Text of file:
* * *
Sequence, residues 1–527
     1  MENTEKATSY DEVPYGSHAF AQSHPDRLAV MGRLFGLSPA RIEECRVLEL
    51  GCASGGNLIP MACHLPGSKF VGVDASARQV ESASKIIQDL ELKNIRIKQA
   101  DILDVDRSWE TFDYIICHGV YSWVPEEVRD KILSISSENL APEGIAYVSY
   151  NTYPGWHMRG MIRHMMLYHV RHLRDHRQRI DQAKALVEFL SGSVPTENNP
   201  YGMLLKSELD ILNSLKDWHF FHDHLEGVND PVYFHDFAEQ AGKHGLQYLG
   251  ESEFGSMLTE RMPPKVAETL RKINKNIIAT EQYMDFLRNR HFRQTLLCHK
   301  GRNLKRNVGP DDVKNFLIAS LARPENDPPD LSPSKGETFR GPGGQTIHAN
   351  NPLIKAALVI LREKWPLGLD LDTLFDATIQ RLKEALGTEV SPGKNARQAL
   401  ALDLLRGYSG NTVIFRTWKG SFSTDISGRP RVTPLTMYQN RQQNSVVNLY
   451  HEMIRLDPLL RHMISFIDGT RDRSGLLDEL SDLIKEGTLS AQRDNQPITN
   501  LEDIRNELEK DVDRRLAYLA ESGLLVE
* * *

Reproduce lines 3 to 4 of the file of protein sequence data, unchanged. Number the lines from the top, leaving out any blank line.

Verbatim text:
    51  GCASGGNLIP MACHLPGSKF VGVDASARQV ESASKIIQDL ELKNIRIKQA
   101  DILDVDRSWE TFDYIICHGV YSWVPEEVRD KILSISSENL APEGIAYVSY